We present the characteristics of uniformly doped silicon Esaki tunnel diodes grown by low temperature molecular beam epitaxy (Tgrowth=275°C) using in situ boron and phosphorus doping. The effects of ex situ thermal annealing are presented for temperatures between 640 and 800°C. A maximum peak to valley current ratio (PVCR) of 1.47 was obtained at the optimum annealing temperature of 680°C for 1 min. Peak and valley (excess) currents decreased more than two orders of magnitude as annealing temperatures and times were increased with rates empirically determined to have thermal activation energies of 2.2 and 2.4 eV respectively. The decrease in current density is attributed to widening of the tunneling barrier due to the diffusion of phosphorus and boron. A peak current density of 47 kA/cm2 (PVCR=1.3) was achieved and is the highest reported current density for a Si-based Esaki diode (grown by either epitaxy or by alloying). The temperature dependence of the current voltage characteristics of a Si Esaki diode in the range from 4.2 to 325 K indicated that both the peak current and the excess current are dominated by quantum mechanical tunneling rather than by recombination. The temperature dependence of the peak and valley currents is due to the band gap dependence of the tunneling probability.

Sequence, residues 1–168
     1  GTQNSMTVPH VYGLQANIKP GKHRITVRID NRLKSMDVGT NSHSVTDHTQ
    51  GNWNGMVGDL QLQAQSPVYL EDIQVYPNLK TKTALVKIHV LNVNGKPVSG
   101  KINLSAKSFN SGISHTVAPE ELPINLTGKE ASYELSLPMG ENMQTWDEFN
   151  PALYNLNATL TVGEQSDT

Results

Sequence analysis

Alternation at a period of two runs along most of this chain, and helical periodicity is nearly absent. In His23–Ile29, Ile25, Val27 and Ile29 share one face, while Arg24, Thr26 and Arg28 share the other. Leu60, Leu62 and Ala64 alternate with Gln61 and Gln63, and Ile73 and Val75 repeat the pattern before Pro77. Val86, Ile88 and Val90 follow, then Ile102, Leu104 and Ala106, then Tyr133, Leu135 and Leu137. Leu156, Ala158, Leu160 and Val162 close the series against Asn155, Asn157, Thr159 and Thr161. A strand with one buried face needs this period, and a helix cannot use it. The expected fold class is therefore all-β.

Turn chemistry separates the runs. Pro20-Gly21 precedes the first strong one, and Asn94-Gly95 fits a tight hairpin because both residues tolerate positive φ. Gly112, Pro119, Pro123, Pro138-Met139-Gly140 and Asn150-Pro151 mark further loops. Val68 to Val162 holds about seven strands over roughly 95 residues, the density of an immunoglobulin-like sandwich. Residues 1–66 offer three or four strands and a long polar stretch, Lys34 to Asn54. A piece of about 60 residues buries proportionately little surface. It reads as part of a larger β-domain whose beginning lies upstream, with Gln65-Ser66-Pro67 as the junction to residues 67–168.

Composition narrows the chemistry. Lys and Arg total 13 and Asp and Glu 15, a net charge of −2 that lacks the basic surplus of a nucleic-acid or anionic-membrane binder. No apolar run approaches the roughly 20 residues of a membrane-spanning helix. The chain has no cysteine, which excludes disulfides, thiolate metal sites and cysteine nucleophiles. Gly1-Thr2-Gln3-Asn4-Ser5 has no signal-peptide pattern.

Department, Program, or Center
Microelectronic Engineering (KGCOE)
Dashiell, Michael; Troeger, Ralph; and Rommel, Sean, "Current-voltage characteristics of high current density silicon Esaki diodes grown by molecular beam epitaxy and the influence of thermal annealing" (2000). IEEE - Transactions on electron devices, Vol. 47 (No. 9),Accessed from
RIT – Main Campus